Finally, the cost of developing sophisticated tests and building massive laboratories with expensive equipment is far from trivial, and Eurofins has a massive head start. While the industry is still fragmented, Eurofins has built a formidable testing empire with hard to replicate assets, a combination that’s likely to leave competitors increasingly in the dust.
In addition to its scale benefits Eurofins has a unique culture that is similar to many of the great companies we follow. Specifically, founder Gilles Martin has instilled a highly entrepreneurial and decentralized culture that permeates all levels of the organization. I can’t summarize it much better than the company’s annual report, which explains:
“Eurofins’ decentralised structure of entrepreneur-led companies promotes closer relationships with, and more individualised services for, clients, while fostering business agility and scientific innovation. Instead of a centralised laboratory group, we are, by design, a network of empowered entrepreneurs each leading their company with a large degree of autonomy.”
Much like Berkshire, Heico, Alimentation Couch-Tard, Constellation Software, and so many other great businesses, Eurofins emphasizes the importance of making decisions at the lowest possible level. It’s this entrepreneurial spirit that fosters innovation and rapid test development in response to localized needs. Never was this more important than during the constantly evolving pandemic, and Eurofins continuously responded by bringing new and improved COVID tests to market.
In addition to the decentralized nature of the company, Gilles runs the business with a conservative balance sheet (just 1.6x leverage ratio) and maintains significant skin in the game via a 30%+ ownership position.
Eurofins has grown a tremendous amount over the years. The company has doubled sales on average every five years since 2005 and earnings per share have grown 42-fold between 2005 and 2021. Over the past ten years operating cash flow and free cash flow have compounded at more than 20% per year.
Eurofins is not a capital-light compounder and has not benefited from outsized industry growth. Rather, their growth is the result of a tremendous level of reinvestment into the business and attractive incremental returns on that investment.
Over the past decade Eurofins has reinvested roughly 140% of its operating cash flow, or $9B, into organic and inorganic growth initiatives. Of the $9B of retained capital, about $4.5B has been in the form of equity (via retained earnings) while the balance has come from debt issuance. This $4.5B of incremental equity has resulted in $1B of growth in operating cash flows for a 20%+ return on equity retained.
When Eurofins builds a new lab it typically takes 2-4 years for the site to mature, at which point it delivers high returns on capital. The company targets 16% pre-tax returns on capital when evaluating any growth opportunity.
My guess is that if and when Eurofins slows the pace of reinvestment, returns on capital will continue to rise as they harvest the seeds they’ve planted over the years and the sites mature without commensurate investments in new locations.
Reinvesting more than 100% of earnings at even low double-digit returns on capital (debt & equity) and north of 20% on equity results in extremely high value creation for equity holders, and it appears the company has plenty of room to continue replicating this process.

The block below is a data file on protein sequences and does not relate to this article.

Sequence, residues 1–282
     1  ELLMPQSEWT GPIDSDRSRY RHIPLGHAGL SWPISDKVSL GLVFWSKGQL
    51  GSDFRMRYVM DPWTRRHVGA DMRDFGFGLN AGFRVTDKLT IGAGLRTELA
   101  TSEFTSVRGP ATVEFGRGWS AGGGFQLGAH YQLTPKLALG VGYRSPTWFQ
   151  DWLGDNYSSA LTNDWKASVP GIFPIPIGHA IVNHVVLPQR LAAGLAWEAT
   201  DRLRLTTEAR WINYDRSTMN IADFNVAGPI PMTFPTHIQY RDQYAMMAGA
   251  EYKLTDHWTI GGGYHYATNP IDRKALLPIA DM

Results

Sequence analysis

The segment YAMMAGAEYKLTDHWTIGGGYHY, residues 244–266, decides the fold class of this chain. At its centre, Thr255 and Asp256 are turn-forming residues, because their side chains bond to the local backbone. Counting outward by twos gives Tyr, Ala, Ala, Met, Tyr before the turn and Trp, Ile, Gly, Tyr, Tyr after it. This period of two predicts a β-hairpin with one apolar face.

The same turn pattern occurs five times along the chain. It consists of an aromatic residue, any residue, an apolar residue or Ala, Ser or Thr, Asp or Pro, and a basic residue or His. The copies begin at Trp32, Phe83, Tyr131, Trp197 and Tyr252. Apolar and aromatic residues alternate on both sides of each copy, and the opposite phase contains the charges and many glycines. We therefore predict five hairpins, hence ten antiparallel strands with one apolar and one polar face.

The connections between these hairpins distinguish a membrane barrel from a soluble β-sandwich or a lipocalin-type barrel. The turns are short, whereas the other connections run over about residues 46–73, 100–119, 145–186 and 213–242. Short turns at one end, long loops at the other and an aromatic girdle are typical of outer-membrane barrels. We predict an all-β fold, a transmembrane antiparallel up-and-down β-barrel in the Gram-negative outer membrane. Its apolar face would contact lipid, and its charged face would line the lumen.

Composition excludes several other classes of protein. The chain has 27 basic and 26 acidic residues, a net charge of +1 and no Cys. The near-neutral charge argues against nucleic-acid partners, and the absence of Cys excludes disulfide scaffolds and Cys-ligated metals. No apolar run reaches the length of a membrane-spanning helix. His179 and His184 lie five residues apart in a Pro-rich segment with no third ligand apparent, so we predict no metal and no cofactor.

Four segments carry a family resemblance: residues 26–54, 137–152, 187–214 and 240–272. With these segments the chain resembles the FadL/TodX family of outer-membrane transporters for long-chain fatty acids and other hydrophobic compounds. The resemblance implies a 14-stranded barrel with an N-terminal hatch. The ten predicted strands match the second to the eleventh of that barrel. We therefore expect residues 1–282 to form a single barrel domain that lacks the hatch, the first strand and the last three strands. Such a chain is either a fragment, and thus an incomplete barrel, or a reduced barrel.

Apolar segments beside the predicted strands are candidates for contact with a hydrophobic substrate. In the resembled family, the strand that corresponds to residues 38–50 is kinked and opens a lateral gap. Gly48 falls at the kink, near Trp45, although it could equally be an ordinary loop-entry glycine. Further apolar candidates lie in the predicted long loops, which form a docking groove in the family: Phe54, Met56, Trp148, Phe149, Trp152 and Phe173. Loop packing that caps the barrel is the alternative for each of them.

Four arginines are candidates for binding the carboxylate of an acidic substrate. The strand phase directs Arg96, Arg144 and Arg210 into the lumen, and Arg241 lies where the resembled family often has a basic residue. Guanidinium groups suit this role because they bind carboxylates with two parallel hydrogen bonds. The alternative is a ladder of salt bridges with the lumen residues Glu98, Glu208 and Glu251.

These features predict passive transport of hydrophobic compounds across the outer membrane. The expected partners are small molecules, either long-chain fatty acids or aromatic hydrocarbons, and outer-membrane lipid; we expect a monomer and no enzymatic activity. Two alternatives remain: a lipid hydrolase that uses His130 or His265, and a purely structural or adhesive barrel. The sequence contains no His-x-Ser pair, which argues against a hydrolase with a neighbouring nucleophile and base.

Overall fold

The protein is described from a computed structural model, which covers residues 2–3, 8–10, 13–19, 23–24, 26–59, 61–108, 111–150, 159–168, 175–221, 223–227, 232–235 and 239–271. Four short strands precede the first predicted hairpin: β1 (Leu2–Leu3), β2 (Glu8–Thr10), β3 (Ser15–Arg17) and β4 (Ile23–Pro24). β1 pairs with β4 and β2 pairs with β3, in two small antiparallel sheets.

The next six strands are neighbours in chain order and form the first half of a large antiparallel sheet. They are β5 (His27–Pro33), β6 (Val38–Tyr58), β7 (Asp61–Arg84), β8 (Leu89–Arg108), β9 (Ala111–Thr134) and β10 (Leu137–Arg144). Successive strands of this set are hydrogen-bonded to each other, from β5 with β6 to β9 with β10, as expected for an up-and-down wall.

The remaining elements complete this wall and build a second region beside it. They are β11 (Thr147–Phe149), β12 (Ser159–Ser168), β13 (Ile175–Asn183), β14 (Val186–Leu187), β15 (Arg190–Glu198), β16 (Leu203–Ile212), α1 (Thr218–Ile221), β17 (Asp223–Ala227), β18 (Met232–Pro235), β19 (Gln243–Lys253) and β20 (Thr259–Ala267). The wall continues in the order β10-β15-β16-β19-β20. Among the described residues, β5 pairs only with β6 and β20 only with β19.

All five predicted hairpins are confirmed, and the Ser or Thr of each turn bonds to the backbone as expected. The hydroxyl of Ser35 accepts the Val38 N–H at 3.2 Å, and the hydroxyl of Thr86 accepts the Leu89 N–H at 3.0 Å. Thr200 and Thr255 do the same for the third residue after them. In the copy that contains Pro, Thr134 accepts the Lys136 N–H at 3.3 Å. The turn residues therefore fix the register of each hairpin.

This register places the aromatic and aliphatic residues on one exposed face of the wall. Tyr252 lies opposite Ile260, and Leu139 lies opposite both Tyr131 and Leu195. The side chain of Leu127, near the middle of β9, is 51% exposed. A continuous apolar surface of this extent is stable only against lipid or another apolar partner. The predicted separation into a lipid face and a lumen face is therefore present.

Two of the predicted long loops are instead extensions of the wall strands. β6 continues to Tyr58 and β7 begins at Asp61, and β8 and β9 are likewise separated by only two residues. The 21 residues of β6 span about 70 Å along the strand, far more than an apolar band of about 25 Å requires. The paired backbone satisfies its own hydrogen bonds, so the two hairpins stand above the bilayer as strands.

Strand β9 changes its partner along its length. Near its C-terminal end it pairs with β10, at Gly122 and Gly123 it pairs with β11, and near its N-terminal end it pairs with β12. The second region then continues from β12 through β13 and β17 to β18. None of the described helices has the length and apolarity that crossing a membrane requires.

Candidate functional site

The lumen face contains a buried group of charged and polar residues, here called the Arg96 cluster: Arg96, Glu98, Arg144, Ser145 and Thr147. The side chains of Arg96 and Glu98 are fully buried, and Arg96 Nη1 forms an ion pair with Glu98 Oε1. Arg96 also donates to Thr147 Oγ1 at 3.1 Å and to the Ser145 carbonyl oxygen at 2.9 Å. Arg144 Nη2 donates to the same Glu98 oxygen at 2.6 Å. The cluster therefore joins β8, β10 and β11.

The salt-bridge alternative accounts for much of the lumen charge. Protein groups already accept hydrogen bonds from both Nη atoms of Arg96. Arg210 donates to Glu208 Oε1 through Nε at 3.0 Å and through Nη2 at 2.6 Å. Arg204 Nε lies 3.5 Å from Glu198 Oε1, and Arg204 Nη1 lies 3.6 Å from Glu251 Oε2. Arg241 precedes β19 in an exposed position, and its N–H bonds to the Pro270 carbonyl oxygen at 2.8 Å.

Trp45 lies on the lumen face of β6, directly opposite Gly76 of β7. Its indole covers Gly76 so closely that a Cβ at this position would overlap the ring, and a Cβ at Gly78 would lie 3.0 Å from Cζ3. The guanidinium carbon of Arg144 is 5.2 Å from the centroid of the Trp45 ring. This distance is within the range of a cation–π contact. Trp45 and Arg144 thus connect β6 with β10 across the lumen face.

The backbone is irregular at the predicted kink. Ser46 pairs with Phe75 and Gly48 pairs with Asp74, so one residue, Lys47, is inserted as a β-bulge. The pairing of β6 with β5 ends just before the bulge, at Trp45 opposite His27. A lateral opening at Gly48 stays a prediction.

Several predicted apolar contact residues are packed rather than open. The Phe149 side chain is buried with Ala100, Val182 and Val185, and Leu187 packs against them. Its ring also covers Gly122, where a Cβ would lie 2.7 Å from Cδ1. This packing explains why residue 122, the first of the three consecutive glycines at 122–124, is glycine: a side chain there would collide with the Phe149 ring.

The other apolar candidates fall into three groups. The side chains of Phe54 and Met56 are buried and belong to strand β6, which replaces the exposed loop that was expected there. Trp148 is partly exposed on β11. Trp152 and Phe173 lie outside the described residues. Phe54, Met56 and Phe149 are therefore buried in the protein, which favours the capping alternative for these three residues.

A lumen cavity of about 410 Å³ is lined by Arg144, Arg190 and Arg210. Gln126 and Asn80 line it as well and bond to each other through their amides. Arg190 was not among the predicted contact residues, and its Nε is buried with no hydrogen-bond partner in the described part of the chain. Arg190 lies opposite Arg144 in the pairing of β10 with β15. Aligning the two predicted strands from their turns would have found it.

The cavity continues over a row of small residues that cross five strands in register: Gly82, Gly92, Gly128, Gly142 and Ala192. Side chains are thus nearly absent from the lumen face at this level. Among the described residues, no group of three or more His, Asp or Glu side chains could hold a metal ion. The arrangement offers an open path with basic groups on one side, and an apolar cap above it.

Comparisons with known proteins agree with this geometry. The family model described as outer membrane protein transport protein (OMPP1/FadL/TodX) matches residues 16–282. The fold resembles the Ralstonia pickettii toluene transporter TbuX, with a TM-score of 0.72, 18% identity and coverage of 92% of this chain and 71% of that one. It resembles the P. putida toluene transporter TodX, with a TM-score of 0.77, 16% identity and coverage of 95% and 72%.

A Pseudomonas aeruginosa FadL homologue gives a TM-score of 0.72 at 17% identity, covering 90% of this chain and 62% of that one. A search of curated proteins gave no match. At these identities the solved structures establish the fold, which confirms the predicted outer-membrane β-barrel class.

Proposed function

Forward Returns and Valuation
As with many businesses that were impacted positively or negatively by COVID, Eurofins is experiencing noise in its results. After having grown in a near straight line for decades, Eurofins profits declined in 2022 compared to 2021. This was not due to deterioration in its core business but rather from highly inflated levels of profitability due to high margin and high volume COVID testing in 2020 and 2021. Last year Eurofins replaced all of the revenue it lost from decreased COVID testing but it earned less money thanks to continued heavy investments in growing its network as well as normalized margins thanks to lower COVID testing and operating cost inflation.
With COVID in the rear view mirror, Eurofins appears poised to resume its historical growth algorithm.
Organic growth should average 5-6% per year (they do a great job breaking out organic/core business growth for investors) and with how fragmented the testing industry remains I think high levels of M&A remain likely. The company acquired 59 businesses (small labs or lab networks) just last year. All of the company’s major segments are experiencing secular growth as demand for testing increases with increased levels of regulation, wealth, and innovation around the world.
If Eurofins continues to soak up 100%+ of its earnings (less than the 140% of the last 10 years) between organic and inorganic growth initiatives intrinsic value should continue to compound at a mid-to-high teens rate for the foreseeable future and produce enviable returns for shareholders – as long as the price paid for the stock is reasonable.
Speaking of price, the stock appears a lot more reasonable now than it has at any point in the recent past. While not bargain-cheap, at 19x trailing earnings the stock is no longer priced for perfection. In fact, the company only trades at a slight premium to the S&P 500. In the years leading up to COVID, the stock consistently traded at 2-3x the current valuation given the growth the company consistently delivered.
I won’t ruin all the fun and you can pick your own fair multiple for the business. I will say, even ignoring M&A, the 5-6% core growth, if it can be sustained, is worth 21-26x using a 10% discount rate.
Investors appear perturbed that a) the COVID boom is over (which we knew would happen) and b) that earnings will revert back to pre-COVID levels, and the current stock price will prove expensive. That ignores the underlying growth in the core business over the same time period. With the COVID boom rolling off of the recent financials, I don’t think reported earnings would be much different than where they are today if COVID had never happened.
Management recently rolled out longer range financial targets, and the goals look well within reach.
While Current prices dictate that investors do need some growth to materialize to earn attractive returns, and I’d prefer a little more pessimism to be baked into the price, the company is targeting ~20% growth in free cash flow through 2027 and has a history of delivering. If they can even come close to hitting these targets (as they have in the past) today’s prices may look like a bargain.
Given the company’s predictable, recurring, and non-cyclical end market demand, enviable industry and competitive position, and high-performance culture, Eurofins appears to represent a far above average business at a fair price.
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The amount of goodwill on the balance sheet is what threw me off.
Do they plan on reducing the share of goodwill over time?
Have you guys looked at the short case on that one?